The Seine is undoubtedly France's most famous river, and second longest after the Loire at 495 miles long (780km). One of Europe's great historic rivers, the Seine rises near Dijon and flows in a north westerly direction through Paris before crossing the green countryside of Normandy and emptying into the English Channel at Le Havre. Narrowed between high stone embankments in Paris, the river carries commercial barges, waterbuses and large tourist boats (bateaux-mouches). From the water, there are excellent views of the Cathedral of Notre Dame, the Louvre, the Musee d'Orsay (housing Paris' collection of Impressionist art), the Conciergerie and the Eiffel Tower.
The banks of the Seine are a delight in themselves, passing from rural wilderness to charming towns and villages, with Gothic architecture, half-timbered houses, chic boutiques and enchanting cafes.For centuries, The Seine�s natural beauty has inspired poets, musicians and artists as it flows past medieval fortresses, elegant gardens, fragrant orchards and through the region's many bridges. There are 37 bridges in Paris and dozens more spanning the river outside the city, some of them several centuries old!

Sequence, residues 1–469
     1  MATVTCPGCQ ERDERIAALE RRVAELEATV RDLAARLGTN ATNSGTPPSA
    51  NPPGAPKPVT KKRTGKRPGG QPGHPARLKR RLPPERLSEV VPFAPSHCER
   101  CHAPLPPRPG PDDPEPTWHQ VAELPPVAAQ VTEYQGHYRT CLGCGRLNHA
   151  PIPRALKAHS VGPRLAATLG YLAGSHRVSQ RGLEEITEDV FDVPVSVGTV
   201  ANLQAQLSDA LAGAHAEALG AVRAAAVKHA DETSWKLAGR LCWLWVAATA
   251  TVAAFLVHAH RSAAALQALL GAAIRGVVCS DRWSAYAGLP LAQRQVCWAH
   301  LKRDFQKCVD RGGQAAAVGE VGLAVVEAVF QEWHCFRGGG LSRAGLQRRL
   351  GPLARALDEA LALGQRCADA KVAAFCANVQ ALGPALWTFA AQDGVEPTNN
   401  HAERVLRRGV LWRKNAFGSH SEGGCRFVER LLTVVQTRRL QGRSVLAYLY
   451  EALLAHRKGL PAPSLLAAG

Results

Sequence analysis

As well as exploring the world's most romantic city of Paris, a cruise along the Seine takes you to Giverny - where Monet lived and worked for years, where you will see the familiar Japanese bridge and water lily-covered pond that inspired his great works of arts. Visit Rouen - where Joan of Arc was tired and executed; walk the historic beaches of Normandy and soak up the inspirational scenery.